Palantir Q1 government customers

Palantir Q1 presentation

While revenue per customer is up, the revenue growth has clearly decelerated. We do believe that the government segment will see increased demand as global risks increase. We are closely watching for progress on this front when Q2 is reported. We do know of a few recent contracts, including the Army's Titan program, as well as the U.S. Space Systems.

Palantir is slightly profitable, for now

Make no mistake, Palantir is seeing very positive momentum in its margins, which is important in a software company. Adjusted gross margin was 81%. Contribution margin was 57%. First quarter adjusted income from operations, excluding stock-based compensation and related employer payroll taxes was $117 million, representing an adjusted operating margin of 26%, ahead of management's prior guidance of 23%. This is positive.

However the Q2 expectations are not as bullish.

Palantir guidance

Palantir Q1 presentation

The biggest concern right now is not valuation. It is not dilution. It is not the "overall market." The largest issue is a slowdown in performance and the Q2 guidance suggests a slowdown. Management guided to a base case of $470 million in revenue. This was below consensus of $484 million. Now some new contracts may indeed help this revenue figure. However, in the release management noted that "there is a wide range of potential upside [for this] guidance." Palantir continues to see 30% annual revenue growth through 2025. But where our concerns are here is a lower guide on margins to just 20%. Labor is becoming more expensive. The company had been hiring in Q1 and likely in Q2. Costs of operations are rising thanks to inflation like utilities. These are things many investors do not consider. But every expense matters.

The company lost $39 million in the quarter operationally, but adjusted income from operations was $117 million. The company is still free cash flow positive. Adjusted free cash flow was $30 million for the quarter. That said, the company was profitable at a $0.02 adjusted EPS bottom line figure. We are concerned that if margins come in even lighter than expected, the company will lose on EPS. Frankly, we expect $0.02-$0.03 in EPS on 20% margins, with revenue of $475-$480 million. It is difficult to pinpoint however, as revenue recognition from contracts is never straightforward.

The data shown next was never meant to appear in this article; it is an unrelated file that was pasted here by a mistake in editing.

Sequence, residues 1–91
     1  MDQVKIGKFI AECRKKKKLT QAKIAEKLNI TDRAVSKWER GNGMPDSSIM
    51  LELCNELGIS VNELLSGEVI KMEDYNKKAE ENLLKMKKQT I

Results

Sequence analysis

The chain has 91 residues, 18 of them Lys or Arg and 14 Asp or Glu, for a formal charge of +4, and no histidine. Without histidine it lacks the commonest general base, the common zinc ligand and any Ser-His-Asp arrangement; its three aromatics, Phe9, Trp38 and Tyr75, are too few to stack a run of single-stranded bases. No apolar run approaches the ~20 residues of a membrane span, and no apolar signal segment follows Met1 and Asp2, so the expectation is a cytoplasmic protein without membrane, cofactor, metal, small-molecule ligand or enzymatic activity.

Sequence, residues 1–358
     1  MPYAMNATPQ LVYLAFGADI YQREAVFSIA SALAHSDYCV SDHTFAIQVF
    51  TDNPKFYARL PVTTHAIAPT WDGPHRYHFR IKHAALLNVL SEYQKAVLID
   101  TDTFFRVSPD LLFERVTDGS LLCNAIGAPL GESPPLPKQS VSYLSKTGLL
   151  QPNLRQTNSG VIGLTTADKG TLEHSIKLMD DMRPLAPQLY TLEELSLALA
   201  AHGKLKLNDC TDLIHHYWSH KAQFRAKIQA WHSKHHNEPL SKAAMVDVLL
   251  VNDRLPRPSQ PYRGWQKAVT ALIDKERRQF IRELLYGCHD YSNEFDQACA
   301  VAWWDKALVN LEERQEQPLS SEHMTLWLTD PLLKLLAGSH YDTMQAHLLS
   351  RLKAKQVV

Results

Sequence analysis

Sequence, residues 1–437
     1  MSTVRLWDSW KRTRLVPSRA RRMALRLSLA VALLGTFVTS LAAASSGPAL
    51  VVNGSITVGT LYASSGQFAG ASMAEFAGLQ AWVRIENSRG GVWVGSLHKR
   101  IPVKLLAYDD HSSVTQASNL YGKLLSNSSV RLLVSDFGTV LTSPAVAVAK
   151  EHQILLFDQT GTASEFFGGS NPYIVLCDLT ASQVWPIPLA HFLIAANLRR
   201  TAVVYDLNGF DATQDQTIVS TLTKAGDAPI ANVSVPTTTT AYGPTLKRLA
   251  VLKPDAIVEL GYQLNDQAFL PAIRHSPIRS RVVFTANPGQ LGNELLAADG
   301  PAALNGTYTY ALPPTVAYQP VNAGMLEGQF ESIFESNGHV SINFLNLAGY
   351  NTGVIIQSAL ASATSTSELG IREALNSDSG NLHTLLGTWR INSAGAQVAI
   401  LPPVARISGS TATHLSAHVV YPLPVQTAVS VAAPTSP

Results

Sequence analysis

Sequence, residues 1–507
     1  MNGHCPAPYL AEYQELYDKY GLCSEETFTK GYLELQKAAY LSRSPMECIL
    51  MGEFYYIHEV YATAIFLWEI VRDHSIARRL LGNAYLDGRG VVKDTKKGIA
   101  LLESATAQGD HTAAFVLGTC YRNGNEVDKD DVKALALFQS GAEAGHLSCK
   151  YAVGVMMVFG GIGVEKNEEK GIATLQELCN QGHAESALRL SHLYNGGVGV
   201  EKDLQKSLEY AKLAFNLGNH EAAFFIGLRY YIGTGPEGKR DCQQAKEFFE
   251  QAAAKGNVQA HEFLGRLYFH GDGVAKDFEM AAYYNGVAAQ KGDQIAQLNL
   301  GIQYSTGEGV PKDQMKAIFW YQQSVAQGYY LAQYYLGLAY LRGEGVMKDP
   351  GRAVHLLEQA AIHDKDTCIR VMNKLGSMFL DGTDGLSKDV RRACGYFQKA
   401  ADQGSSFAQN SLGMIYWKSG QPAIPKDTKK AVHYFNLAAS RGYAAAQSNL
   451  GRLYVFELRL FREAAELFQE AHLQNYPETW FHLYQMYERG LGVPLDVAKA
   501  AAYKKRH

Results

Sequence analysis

While war is a positive catalyst in many regards, the threat of a recession could be a catalyst in either direction. On one hand, companies will want to save money. If they get a big return on investment in Palantir's software, they may up their spend here collectively. Alternatively, inflation is putting a lot of pressure on consumers, and while Palantir's technology should help businesses operate more efficiently, and therefore more profitably, we could see reduced spending on services like this. If tax rolls are impacted, government spending could also go either way.

Final thoughts

We think the Q2 results are going to move Palantir stock heavily. We love that the company operates with no debt and has nice positive free cash flow. Big data, analytics, and algorithmic decision making to improve operations can benefit both businesses and governments alike.

War seems to be a real catalyst, while recession could be either a negative or positive catalyst. The customer growth is impressive as is the revenue growth on the commercial side, but there remains a strong opportunity to start expanding revenue growth on the government side. We are closely watching margins in Q2, as they could be a driver for stock movement.

While the stock remains expensive on most valuation approaches, we also want to see a reduction in stock based compensation to limit dilution. Most importantly, understanding how the current economic climate is impact the business will be paramount.

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Disclosure: I/we have a beneficial long position in the shares of PLTR either through stock ownership, options, or other derivatives. I wrote this article myself, and it expresses my own opinions. I am not receiving compensation for it (other than from Seeking Alpha). I have no business relationship with any company whose stock is mentioned in this article.